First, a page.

JEFFERSON CITY — Some Missouri officials say proposed health care legislation could create an unfunded mandate and even has some calling to abandon the state's participation in Medicaid.
The U.S. House passed its version of the bill shortly after Gov. Jay Nixon announced $32 million in cuts to Missouri's Medicaid program. Both the version passed Saturday by the House of Representatives and the separate version approved by the Senate Finance Committee would require an expansion of Missouri's eligibility rates for Medicaid.
Missouri has one of the lowest Medicaid eligibility rates of any state in the country, requiring a family of four to earn less than $4,400 a year for the parents to receive coverage. The federal poverty level for a family of four is $22,050.
The Senate version of health care reform would require Missouri to expand its eligibility from 20 percent of the federal poverty level to 133 percent. Under these provisions, that same family of four could earn up to $29,326, and the parents would still qualify for Medicaid. The House version raises eligibility to $33,075 for a family of four.
In addition, the Senate bill calls for the federal government to cover 95 percent of the costs from new enrollment. Currently, the federal government reimburses the state about 60 cents for every dollar it spends.
If the Senate bill passes, the Department of Social Services expects 255,000 new Medicaid enrollees from Missouri.
The most recent budget analysis by the Missouri Social Services Department estimated the increased cost to the state at about $91 million if the Senate version is adopted with the federal government paying the other $1.7 billion. Some in state government have questioned that number, saying it is too low. Today, Missouri spends about $7 billion on Medicaid costs for about 850,000 residents.
"Ninty-one million (dollars) is a lot of money in this budget climate," said Missouri Representative Chris Kelly, D-Columbia, the ranking Democrat on the House Budget Committee. "The question is, are we willing to do something else to raise the money, like a cigarette tax, or will we consider massive cuts in other areas?"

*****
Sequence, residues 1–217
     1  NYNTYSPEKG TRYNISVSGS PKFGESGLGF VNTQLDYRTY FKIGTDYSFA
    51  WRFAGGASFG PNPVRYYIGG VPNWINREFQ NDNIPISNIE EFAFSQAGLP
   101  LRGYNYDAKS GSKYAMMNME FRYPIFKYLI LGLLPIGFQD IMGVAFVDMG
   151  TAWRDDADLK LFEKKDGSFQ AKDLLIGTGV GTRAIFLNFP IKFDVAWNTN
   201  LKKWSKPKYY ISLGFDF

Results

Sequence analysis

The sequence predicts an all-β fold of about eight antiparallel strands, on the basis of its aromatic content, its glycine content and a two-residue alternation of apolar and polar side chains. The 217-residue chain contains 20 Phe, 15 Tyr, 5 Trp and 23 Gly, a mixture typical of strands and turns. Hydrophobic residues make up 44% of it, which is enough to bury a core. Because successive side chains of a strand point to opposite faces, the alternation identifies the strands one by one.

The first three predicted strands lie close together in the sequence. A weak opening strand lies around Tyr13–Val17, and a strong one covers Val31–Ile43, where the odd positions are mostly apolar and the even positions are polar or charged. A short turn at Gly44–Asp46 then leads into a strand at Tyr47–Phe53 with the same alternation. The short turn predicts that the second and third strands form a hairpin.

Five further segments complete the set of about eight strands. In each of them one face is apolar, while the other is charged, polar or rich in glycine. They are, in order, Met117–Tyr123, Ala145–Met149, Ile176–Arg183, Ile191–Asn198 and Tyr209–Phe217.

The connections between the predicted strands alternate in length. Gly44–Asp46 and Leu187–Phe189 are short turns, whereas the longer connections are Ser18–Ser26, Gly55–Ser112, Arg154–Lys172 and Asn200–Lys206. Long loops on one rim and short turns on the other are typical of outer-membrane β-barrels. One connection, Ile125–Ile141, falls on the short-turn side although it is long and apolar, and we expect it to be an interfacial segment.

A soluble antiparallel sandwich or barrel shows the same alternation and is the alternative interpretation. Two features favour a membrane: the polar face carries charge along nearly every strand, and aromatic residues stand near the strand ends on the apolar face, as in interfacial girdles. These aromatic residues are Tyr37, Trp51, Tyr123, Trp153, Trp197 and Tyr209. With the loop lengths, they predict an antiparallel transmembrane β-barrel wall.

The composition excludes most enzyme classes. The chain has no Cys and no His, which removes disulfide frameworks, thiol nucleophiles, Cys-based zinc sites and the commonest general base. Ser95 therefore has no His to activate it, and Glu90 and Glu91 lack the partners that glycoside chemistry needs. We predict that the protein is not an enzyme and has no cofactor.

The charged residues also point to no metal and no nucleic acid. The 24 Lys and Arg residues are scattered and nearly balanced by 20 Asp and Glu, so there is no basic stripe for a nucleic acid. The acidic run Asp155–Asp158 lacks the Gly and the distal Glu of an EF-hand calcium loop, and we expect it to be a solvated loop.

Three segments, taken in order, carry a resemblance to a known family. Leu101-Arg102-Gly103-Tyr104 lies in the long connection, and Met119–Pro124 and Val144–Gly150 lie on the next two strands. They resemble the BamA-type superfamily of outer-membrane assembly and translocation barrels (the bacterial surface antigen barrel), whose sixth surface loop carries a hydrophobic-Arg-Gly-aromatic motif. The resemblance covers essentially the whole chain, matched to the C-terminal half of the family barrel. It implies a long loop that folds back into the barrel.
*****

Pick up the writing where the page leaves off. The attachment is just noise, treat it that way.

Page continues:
The $32 million in Medicaid cuts are just one part of the $634 million Gov. Jay Nixon has cut from the budget this year. Both Nixon and state Budget Director Linda Luebbering said further cuts may be necessary.
"Even if it's $50 million, we can't afford it. Or if it's $20 million, we can't afford it. We don't even have $1 million for this," said Sen. Jason Crowell, R-Cape Girardeau. "We don't have $1 to put forth towards an unfunded mandate."
Crowell isn't alone in his concerns that the federal government may not come through with funding.
House Budget Committee Chairman Allen Icet, R-St. Louis County, said he has seen the federal government stop short with payments before. Icet said that with some past federal bills requiring both a state and federal contribution, the federal government has stopped supplying funds after a couple of years.
"I assume this would be the same," he added.
Others said they would have a hard time turning down such a good federal match.
"The idea of getting 95 percent return on a 5 percent investment is a good deal," said House Democratic Leader Paul LeVota, D-Jackson County. But LeVota said he has concerns that the Republican-controlled legislature would not approve the expansion if there was any way to opt out of it.
"I think with the current makeup of the legislature and shortsighted view these guys have on health care, they would try to opt out of it," LeVota said. "I think they would try to opt out on $2 billion in assistance from the feds and covering 200,000 Missourians' health care for political reasons."
Senate Budget Committee Chairman Gary Nodler, R-Joplin, said he expects "strong support for opting out of this," in both the House and the Senate.
"I would say if there's an opt-in, we will probably not opt-in," said House Republican Leader Steven Tilley, R-Perryville. "The last thing we need to do is expand and grow a program."
Some said their hesitancy comes from a belief that expanding the program will cost more than $91 million. An earlier report by the state Social Services Department had estimated the cost of an expansion at somewhere between $316 and $338 million. Department spokesman Scott Rowson said that estimate was calculated before the federal government offered to pay 95 percent of the transition.
But, Crowell said, "I think it's without question an underestimation by the department because we don't know what the (final) bill is going to be."
Even with the different estimates floating around, one obvious question that remains unanswered is the future of the economy.
"There are too many unknowns with what's going to happen with the economy, what's going to happen with our state budget, our revenues," said State Budget Director Linda Luebbering. "Knowing right now what would happen three years from now if we have to cover those people, it's just not possible. And like I said, 'Could we afford it right now?' No. We all know that; we just went through another round of expenditure restrictions. But can we afford it in 2014? I don't know."
Reporter Jeremy Essig contributed to this story.